Tanzania: UNHCR Committed in Refugee Repatriation

THE United Nations High Commission for Refugees (UNHCR), has assured continued support to refugees who are willing to return to their home countries following improvements in political and social-economic conditions.

The UNHCR Assistant High Commissioner for Operations, Mr George Okoth -Obbo, said that his agency will work with the government to ensure refugees who return voluntarily are able to successfully reintegrate in their countries of origin.

Mr Obbo was in Tanzania for a six day mission where among other things he participated in the Tripartite meeting between Tanzania, Burundi and UNHCR, and visited Nduta and Mtendeli refugee camps in Kigoma Region.

"UNHCR is ready to support all refugees who are willing to return home, and also continue working with the government to help those who are still concerned about safety in their mother countries," he said. He noted that the repatriation exercise was being done by upholding principle of voluntariness, insisting that no refugee will be pressured to go back to their countries unless they are willing.

According to UNHCR, nearly 80,000 refugees from Nduta, Mtendeli and Nyarugusu refugee camps have voluntarily returned to Burundi since the exercise started in 2017.

Mr Obbo appealed to the international community to continue supporting the refugee programme in Tanzania. "In Tanzania, we need USD 126 million, but our available fund is just one third of the amount. We are really grateful for all the support to date, but much more is needed," he said.

On 31 August 2017, the Tripartite Commission (United Republic of Tanzania, Republic of Burundi, and UNHCR) issued a joint communiqué and agreed to implement a work plan from September 7, to 31 December 2017, which entails the voluntary repatriation plan of Burundian refugees who wish to return to Burundi.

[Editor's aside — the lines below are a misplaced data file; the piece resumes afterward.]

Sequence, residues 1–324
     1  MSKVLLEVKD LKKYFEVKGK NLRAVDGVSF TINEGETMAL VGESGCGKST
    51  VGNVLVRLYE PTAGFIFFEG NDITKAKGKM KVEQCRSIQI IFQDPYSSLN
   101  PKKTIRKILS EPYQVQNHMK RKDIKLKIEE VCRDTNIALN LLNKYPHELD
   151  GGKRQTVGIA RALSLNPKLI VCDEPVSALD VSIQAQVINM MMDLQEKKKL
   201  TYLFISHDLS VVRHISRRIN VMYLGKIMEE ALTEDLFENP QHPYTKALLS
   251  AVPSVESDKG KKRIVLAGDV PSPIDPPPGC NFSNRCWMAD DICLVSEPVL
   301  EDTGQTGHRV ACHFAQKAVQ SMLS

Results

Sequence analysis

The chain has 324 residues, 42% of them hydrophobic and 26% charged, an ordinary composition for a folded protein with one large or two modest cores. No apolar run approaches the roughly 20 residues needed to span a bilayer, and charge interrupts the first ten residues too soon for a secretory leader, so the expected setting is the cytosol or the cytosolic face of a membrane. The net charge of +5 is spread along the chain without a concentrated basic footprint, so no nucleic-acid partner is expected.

Mr Obbo, however, said that UNHCR was determined to address challenges facing refugees in their camps, including provision of alternative cooking energy to reduce the use of firewood.

He said that UNHCR was aware of the challenges facing refugees, such as violence against women, especially those who go out to fetch firewood, lack of child and maternal health services, closure of markets within the camps and security issues.

On alternative energy, he said UNHCR will continue to convince donors so that they can support provision of alternative energy.

"We have a solution, but the problem is lack of funds, I will communicate this concern to our donors and see what can be done to address the problem.

The issue of firewood is not only causing problem to women, but also detrimental to our environment," he said. Director for Refugee Services, Mr Sudi Mwakibasi said the refugees were not forced to return to their home countries, but the process of registration and repatriation was being done to those who have indicated a desire to go back home.

"We have been praying for peace in your country so that you can return home safely ... no one is being forced to go back, but when you are satisfied with the situation in your country, we are ready to support you to go back home," he said.

He promised to work with other partners in addressing challenges facing refugees, such as violence against women, provision of alternative energy, and the concern about some refugees being associated with some criminal activities.

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